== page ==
And this record is on the side of right. Hell. It's good.
Their aim is true. Their principles, immaculate. Their sound, however, is like the plagues of Egypt throwing an all-nighter in your house. Like [I]Dungeons & Dragons[/I] fans who hide their Nigelness behind Thawdor, Wizard Prince, the Digital Hardcore hardcore espouse the most righteous politics – proceeds of this double-vinyl record go to anti-fascist organisations – yet sound like they’ve got Lucifer’s home number.
Patric Catani, member of the uncompromising [a]EC8OR[/a], is clearly driven like a satanic Sherman tank: the cover of ‘Hitler 2000’ is tastefully decorated with young people frolicking in moustaches, the opening sample provocatively declares the world would welcome a F|hrer-clone with raised arms, and his trashing of the pleasure-pain division is the sort of thing that usually gets you a spell in high security lockdown.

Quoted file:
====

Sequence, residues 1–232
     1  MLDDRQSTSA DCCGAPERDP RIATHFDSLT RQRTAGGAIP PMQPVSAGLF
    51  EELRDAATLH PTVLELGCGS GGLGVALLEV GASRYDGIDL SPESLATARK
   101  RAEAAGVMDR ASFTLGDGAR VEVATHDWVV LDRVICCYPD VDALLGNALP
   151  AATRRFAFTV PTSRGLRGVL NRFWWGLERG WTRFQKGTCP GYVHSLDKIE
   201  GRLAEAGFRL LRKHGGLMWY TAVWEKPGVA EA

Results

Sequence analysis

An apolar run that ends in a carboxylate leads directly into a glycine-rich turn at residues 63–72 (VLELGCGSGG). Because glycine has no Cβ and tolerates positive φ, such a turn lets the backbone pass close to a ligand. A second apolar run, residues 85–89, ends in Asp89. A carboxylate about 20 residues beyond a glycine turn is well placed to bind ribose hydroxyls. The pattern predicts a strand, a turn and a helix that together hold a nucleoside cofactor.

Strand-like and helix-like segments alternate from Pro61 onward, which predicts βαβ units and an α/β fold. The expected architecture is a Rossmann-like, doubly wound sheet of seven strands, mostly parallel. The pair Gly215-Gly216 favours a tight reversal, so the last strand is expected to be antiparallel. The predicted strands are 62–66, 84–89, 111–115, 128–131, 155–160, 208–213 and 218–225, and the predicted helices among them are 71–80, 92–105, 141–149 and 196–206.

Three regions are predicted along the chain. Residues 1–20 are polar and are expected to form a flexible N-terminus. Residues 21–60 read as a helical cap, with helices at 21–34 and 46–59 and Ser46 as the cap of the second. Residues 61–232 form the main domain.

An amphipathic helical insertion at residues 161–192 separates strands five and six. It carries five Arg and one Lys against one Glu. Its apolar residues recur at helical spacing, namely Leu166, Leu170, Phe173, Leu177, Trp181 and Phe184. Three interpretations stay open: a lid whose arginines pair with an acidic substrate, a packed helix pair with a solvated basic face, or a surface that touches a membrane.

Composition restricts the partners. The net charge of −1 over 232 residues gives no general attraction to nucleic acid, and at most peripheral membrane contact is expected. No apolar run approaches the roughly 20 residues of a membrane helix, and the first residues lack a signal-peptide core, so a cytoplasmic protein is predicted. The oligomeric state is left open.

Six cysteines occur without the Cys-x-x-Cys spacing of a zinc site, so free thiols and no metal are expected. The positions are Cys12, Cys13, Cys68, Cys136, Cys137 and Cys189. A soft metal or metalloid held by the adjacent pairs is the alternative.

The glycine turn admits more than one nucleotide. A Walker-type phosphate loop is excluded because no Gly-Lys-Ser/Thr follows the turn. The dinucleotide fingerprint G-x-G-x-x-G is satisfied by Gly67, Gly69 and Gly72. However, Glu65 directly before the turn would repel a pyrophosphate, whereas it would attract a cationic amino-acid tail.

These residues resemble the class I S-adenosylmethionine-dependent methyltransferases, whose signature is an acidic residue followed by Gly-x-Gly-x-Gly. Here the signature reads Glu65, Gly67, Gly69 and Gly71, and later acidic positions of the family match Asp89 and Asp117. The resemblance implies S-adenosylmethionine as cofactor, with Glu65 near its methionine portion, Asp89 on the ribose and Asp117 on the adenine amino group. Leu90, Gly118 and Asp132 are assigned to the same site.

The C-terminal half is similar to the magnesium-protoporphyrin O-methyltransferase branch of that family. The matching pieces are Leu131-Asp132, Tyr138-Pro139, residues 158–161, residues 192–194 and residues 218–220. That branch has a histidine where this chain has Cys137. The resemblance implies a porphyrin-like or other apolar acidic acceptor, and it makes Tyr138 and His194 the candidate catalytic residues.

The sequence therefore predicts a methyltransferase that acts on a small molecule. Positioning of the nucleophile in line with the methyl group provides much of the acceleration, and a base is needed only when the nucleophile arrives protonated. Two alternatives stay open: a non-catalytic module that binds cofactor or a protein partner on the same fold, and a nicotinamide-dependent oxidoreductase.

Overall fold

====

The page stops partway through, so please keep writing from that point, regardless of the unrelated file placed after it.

Whether unanaesthetised electronic surgery is the best way to fight the dark side is questionable, yet the DHR philosophy is very much about individual rights, and for Catani, well, that means freedom to make a noise like someone swallowing their tongue. It means freedom to create ‘Long Time No Speak’, the Leftfield Guinness ad if it had been made with Trident submarines, or the Gatling-gun jive of ‘Check Our Madness’; freedom, even, to unleash the electro-enteritis of ‘Commando’, tune-based like a bloody massacre is human-based.
And this record is on the side of right. Hell. It’s good.